Researchers solved the mystery behind lead poisoning in endangered African vultures

Solving the mystery behind lead-poisoned scavengers.
Solving the mystery behind lead-poisoned scavengers.
Image: AP Photo/Ricardo Moraes
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Researchers in southern Africa have pieced together an explanation to the mystery of why so many endangered vultures test positive for lead poisoning.

There have been steep declines in the number of vultures across the African continent. In the last 30 years, the eight vulture species there have dropped in number by 62%, according to National Geographic. The story is even worse in India, where the number of vultures has fallen by about 99% in the last 15 years—one of the fastest declines in a species population ever. They’re dying by flying into power lines, wind turbines, being hunted by witch doctors for their body parts, and by eating carcasses contaminated with pesticides—and lead.

In a study published this week (March 14) in the journal Science of the Total Environment, researchers over the course of four years tested nearly 600 critically endangered African White-backed vultures in Botswana and found that a third of them suffered from lead poisoning. “The only logical explanation for the patterns of lead poisoning we observed is if lead bullets were the source of this contamination,” said Beckie Garbett, a PhD student at University of Cape Town, and lead author of the study, in a press release.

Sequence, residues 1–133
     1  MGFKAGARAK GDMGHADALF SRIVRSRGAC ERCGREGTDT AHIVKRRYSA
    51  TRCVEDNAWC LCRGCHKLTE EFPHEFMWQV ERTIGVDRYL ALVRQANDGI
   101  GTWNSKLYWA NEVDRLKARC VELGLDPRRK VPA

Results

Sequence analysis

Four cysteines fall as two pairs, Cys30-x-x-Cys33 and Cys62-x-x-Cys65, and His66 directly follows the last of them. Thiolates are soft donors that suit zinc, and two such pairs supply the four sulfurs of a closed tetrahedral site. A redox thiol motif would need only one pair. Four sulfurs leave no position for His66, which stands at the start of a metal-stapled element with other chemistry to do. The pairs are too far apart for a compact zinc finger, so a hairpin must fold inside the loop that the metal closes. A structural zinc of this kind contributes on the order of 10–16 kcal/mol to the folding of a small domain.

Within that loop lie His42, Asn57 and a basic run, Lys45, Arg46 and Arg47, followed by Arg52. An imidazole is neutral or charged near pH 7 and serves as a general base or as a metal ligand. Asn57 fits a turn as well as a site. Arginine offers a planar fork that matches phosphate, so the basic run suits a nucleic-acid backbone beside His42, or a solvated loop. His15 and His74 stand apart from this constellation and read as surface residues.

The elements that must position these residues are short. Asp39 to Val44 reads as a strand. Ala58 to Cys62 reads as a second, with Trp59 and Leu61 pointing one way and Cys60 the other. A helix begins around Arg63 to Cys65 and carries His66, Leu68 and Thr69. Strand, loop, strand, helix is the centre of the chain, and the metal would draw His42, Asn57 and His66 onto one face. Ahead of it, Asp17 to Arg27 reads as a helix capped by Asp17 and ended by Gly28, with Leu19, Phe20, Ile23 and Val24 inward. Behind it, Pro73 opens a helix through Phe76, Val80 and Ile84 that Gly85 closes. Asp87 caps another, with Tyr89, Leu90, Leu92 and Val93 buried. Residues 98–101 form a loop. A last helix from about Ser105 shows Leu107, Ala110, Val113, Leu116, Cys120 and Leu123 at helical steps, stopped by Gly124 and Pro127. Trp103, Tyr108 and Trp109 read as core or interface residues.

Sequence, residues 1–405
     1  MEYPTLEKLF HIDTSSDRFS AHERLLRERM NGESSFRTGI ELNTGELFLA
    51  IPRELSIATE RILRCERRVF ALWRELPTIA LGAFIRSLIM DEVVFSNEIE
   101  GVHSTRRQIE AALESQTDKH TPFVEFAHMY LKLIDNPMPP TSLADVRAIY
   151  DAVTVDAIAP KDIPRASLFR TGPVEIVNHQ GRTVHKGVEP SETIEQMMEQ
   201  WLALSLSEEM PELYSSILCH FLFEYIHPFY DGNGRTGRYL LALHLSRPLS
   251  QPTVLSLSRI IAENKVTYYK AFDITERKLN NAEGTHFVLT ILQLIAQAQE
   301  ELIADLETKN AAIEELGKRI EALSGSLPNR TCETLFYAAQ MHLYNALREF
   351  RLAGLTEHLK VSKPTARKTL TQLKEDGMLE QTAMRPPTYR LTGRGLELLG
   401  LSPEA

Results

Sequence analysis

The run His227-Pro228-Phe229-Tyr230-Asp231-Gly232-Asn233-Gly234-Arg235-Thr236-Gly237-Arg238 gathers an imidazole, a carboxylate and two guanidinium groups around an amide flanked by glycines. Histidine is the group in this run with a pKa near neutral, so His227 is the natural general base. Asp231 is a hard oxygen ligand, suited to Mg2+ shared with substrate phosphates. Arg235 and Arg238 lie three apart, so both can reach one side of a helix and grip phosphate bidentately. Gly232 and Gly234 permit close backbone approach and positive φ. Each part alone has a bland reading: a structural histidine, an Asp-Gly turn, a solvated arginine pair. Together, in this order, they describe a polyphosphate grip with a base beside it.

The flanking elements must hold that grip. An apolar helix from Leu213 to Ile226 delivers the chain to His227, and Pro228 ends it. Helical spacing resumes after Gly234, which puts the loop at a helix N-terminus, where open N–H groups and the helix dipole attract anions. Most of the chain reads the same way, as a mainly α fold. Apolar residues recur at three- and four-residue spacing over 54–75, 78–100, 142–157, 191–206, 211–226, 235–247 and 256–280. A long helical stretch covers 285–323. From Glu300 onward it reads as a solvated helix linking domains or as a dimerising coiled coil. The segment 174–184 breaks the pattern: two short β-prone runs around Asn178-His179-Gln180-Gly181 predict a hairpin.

According to the paper, when hunters fire upon animals, the lead-based bullets they currently use are shattering inside the shot animals’ bodies, contaminating their blood. Later on, the vultures feast on the corpses of those dead animals, then fly away with high levels of lead in their own systems.

The study supports a new initiative by conservation groups, including Raptors Botswana, to get big game hunters to change the types of bullets they use on hunting expeditions. In the past, similar efforts included a 2014 ban on hunting on government lands, which wound up having no effect on vulture lead poisoning because the scavengers simply followed hunters off public lands where they would be more likely to find carcasses. A widespread shift would be good news for all sorts of natural scavengers, not just vultures. Lead poisoning was also one of the main reasons behind a staggering dip in the California condor population between 1997 and 2011, driving that species dangerously close to extinction. In addition to impacting an individual bird’s health, lead poisoning can also negatively affect reproduction, according to the research.

The loss of winged scavengers has larger implications. They are important players in the food chain because when they eat carcasses, they stop the potential spread of deadly bacterias and fungus. In India, researchers have found a link between the decline in vultures and the spread of deadly diseases such as rabies.